(Mid Level; 26-50% Movement; NBCC CE hours; ADTA CE hours; NY LCAT CPE hours)

Objectives:

  1. Increase their knowledge and understanding of current theories on the neurobiology of relational trauma and how it relates to self-regulation.
  2. Learn body and movement-based interventions for supporting clients to self-sooth and self-regulate.
  3. Consider how self-regulation strategies differ based on a client’s personal history, diverse life circumstances, and culturally dependent attunement preferences.

Mariah Meyer LeFeber, MA, BC-DMT, LPC is an educator and has worked extensively in the field of dance/movement therapy, serving people of all ages in both group and individual settings. She has written several chapters on her work with children, specifically on using dance/movement therapy with autism spectrum disorder. Mariah taught as an Associate Lecturer in the University of Wisconsin – Madison dance department from 2010-2015. While there, she co-founded Performing Ourselves, a community dance program fostering connection and resilience in over 300 underserved youth annually. Following a 2015 relocation to the Pacific Northwest, Mariah joined the faculty at Multnomah University – Portland as a Professor of Counseling. She is currently pursuing a PhD in Counselor Education & Supervision. The process of walking alongside new generations of dance/movement therapists and counselors is providing Mariah with unfolding joy.

Robyn Lending Halsten, MA, BC-DMT, LPC, DTRL is clinical director for Hancock Center for Dance/Movement Therapy in Madison, Wisconsin where she provides supervision, case consultation and oversight for programming at the center. Robyn has worked with people in all settings, from all walks of life, and specializes in the treatment of trauma. Her work takes her into rural settings where she provides psychoeduaction and therapy to people that carry dual diagnosis. She has completed level two of Sensorimotor Psychotherapy training and integrates that model into her work. Robyn co-authored a chapter in a book on working with children and trauma. She has traveled nationally and internationally presenting on her work and is grateful to her clients for being her best teachers.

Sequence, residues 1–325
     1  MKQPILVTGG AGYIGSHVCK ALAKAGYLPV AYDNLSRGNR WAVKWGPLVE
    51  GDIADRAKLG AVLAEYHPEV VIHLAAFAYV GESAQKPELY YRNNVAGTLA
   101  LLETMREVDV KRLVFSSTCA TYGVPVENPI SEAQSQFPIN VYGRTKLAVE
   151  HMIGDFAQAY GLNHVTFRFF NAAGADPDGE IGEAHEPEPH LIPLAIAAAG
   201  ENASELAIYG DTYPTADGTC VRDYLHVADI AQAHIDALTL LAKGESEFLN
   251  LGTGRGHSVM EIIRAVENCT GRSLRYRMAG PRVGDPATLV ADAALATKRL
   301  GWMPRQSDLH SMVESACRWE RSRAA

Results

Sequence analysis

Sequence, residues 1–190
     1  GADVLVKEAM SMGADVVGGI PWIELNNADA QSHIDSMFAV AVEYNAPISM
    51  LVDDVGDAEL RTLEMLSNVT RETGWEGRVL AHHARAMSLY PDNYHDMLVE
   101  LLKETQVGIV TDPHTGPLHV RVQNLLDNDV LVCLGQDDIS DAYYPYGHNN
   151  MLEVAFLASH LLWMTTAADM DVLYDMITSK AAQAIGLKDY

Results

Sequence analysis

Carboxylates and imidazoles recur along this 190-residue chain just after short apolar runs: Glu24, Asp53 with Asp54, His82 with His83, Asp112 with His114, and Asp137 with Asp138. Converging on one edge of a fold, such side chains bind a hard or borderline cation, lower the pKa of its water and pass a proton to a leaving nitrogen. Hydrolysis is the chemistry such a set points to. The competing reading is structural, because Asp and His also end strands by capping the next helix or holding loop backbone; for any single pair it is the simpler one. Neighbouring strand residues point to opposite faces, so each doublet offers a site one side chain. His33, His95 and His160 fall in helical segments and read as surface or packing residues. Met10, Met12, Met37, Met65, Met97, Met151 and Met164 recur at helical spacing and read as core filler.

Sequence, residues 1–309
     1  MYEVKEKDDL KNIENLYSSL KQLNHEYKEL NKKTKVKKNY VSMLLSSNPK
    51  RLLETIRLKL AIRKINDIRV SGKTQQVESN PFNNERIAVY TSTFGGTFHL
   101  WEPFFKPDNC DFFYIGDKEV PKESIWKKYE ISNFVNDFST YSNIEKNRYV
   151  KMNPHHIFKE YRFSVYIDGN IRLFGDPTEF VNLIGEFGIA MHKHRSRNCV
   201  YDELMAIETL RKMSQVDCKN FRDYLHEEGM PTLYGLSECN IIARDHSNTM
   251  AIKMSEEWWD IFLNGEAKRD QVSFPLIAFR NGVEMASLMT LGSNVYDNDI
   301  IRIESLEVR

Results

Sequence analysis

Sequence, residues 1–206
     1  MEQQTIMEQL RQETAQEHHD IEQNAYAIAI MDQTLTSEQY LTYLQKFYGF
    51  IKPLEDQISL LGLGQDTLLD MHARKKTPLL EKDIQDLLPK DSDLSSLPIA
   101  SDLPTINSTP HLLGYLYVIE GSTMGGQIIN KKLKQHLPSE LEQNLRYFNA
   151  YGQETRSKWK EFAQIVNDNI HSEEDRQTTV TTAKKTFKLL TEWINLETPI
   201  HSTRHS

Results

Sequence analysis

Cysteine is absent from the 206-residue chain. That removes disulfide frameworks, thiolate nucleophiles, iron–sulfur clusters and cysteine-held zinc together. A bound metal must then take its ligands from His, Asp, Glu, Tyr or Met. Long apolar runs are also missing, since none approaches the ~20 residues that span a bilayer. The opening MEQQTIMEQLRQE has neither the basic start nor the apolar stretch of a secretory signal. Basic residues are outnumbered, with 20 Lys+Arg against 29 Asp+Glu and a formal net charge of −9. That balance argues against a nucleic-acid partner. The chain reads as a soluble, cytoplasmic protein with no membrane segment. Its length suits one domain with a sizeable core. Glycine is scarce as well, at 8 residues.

What happens to our grief when social support and validation is withheld? Disenfranchised grief is defined as grief that is not socially acknowledged, supported, or viewed as acceptable (Doka, 1989). This workshop will present research findings that describe the essence of the clinical experiences and presentation of disenfranchised grief in therapy from the lens of dance/movement therapists. Participants will have the opportunity to examine and embody the role of culture and societal expectations in the censorship of grief and mourning that is inherent within disenfranchised grief.

(Advanced Level; up to 25% Movement; NBCC CE hours; ADTA CE hours; NY LCAT CPE hours)

Objectives:

  1. Participants will develop an understanding of disenfranchised grief as a social phenomenon.
  2. Participants will learn the findings of a phenomenological study that examined dance/movement therapists’ clinical experience working with clients experiencing disenfranchised grief.
  3. Participants will gain an increased ability to recognize disenfranchised grief and potential manifestations that may be observed in clinical practice.

Katie M. Dominguez, MA, R-DMT, GL-CMA completed her master’s degree in Dance/Movement Therapy and Counseling at Columbia College Chicago. Her professional work currently involves adult inpatient and intensive outpatient psychiatric levels of care. She received her BA in Psychology from California State University, Long Beach. Her passion for research emerged while serving as a research assistant for the Rape Kit Notification Project with undergraduate professor, Dr. Courtney Ahrens, and the Joyful Heart Foundation. Katie remains steadfast in her desire to serve disenfranchised populations in addition to bridging existing research on nonverbal communication that substantiates dance/movement therapy.